Health and Happiness
Increasingly Americans are viewing universal healthcare as something that they want and, in many cases, need in their life. Market healthcare has not been sufficient in addressing the needs of the many and now polls are finding that 77% of people view Medicare for All as a favorable policy.
This became painfully obvious to me this past year on a personal level when my father was diagnosed with a disease that has prevented him from working. Within a couple months, he went from making a good salary to living on disability struggling to support his family. Fortunately, in California we have Medi-CAL – a public insurance that covers low income and disabled folks. But it has shortcomings, some of which are devastating. For example, after receiving disability, one must wait two years before claiming Medi-CAL. That’s where my father is, paying high priced private insurance coverage, while living off a limited income. He lives in Redlands and while coping with his diagnosis he was forced to downsize to a smaller apartment. He now lives in one infested with cockroaches and one that he still struggles to afford. While it’s zoned for section 8, there is a long waiting list.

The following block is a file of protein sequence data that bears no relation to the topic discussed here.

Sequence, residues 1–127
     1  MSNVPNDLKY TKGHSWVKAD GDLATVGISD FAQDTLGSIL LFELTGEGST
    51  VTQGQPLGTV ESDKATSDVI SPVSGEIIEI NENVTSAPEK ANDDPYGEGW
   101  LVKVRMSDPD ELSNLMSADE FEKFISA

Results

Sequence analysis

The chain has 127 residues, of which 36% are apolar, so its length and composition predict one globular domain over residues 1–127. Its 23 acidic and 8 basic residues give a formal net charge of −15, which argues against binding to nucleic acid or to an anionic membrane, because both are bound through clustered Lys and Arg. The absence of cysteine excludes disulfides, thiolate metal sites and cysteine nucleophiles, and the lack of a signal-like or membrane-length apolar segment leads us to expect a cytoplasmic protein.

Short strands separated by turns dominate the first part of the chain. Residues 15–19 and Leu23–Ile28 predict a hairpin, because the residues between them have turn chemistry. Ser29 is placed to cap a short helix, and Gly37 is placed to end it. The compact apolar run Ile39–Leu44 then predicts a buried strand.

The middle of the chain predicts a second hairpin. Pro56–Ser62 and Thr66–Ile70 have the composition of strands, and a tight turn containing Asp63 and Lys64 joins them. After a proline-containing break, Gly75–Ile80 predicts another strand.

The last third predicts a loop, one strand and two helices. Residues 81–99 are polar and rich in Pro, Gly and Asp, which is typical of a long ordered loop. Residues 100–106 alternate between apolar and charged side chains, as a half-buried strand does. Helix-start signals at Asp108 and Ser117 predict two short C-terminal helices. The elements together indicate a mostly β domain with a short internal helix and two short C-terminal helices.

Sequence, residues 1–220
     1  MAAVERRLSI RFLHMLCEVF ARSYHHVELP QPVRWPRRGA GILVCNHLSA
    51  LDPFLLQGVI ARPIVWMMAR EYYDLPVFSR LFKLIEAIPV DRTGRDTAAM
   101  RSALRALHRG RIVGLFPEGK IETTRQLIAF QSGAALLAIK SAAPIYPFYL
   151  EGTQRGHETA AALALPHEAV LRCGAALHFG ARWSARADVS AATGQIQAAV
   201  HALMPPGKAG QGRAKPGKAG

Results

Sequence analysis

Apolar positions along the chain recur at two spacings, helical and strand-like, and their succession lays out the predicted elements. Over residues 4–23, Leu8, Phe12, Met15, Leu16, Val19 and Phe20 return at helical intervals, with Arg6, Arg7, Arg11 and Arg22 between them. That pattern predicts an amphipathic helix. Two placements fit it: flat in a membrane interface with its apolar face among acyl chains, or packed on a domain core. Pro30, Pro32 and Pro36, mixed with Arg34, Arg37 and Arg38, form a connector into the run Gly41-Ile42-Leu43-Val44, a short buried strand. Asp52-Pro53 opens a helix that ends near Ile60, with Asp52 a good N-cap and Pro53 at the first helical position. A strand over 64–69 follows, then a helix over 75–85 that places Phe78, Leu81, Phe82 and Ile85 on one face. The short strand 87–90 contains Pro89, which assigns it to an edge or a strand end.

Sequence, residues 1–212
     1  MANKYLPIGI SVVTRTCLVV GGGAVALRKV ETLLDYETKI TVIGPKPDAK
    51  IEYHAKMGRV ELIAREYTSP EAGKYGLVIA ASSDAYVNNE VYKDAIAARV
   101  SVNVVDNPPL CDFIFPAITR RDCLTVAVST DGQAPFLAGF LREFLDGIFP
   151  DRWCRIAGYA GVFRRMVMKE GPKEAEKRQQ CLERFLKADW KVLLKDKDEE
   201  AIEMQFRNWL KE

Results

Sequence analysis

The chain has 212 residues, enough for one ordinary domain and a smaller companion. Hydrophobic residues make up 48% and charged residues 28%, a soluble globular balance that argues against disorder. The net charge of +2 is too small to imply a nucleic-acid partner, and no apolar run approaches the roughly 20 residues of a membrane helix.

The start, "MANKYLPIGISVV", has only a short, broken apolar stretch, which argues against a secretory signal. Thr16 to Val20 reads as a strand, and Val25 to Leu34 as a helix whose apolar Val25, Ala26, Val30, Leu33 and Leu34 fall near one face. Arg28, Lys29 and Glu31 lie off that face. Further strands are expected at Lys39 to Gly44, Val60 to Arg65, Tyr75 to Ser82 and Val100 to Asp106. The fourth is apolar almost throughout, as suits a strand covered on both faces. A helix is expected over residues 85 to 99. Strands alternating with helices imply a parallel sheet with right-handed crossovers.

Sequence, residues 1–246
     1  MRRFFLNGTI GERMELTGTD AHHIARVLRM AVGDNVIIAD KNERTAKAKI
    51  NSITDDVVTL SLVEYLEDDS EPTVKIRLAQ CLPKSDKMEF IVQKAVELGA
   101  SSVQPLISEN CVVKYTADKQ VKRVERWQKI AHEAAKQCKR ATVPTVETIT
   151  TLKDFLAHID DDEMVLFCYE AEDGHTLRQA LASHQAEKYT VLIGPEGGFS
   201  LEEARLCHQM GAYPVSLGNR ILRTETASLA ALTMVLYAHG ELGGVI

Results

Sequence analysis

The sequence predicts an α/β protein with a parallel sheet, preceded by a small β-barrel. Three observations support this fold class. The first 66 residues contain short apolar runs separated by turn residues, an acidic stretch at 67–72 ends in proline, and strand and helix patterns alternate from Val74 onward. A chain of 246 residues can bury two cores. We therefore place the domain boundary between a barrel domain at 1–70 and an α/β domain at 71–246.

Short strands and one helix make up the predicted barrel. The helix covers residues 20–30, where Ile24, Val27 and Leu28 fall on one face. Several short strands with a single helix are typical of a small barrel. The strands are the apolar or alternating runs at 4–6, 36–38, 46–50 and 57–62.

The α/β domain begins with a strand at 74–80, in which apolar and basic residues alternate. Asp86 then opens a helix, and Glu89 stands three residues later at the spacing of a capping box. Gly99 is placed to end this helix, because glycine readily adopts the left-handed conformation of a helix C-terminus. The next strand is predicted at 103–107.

In a situation like this, it’s easy to see that residents’ needs are not being met when they need assistance most. This has to change. I hope to address issues that pertain to disabled and seniors in our town. They are vulnerable and very sensitive to the cost of living in Redlands because of policies issued at the federal and state level. Until we get to a point of viewing Healthcare as a right on the national level, I hope to do everything I can to ease the pain felt by those struggling in Redlands.
What is Medicare for All?
Medicare for All is a universal health insurance system in which a public agency organizes health financing, but delivery of care remains largely private. Under a universal public healthcare system, all U.S. residents would be covered for all services covered by a medical professional, including: primary care, hospital, preventative, long-term care, mental health, reproductive healthcare, dental, vision, prescription drug and medical supply costs. Patients would regain free choice of doctors and hospital, and doctors would regain autonomy over patient care.
How will we keep drug prices under control?
When all patients are under one system, the payer wields a lot of clout. The VA gets a 40% discount on drugs because of its buying power. The “monopsony” buying power is the main reason why other countries’ drug prices are lower than ours. This also explains the drug industry’s staunch opposition to universal national health insurance.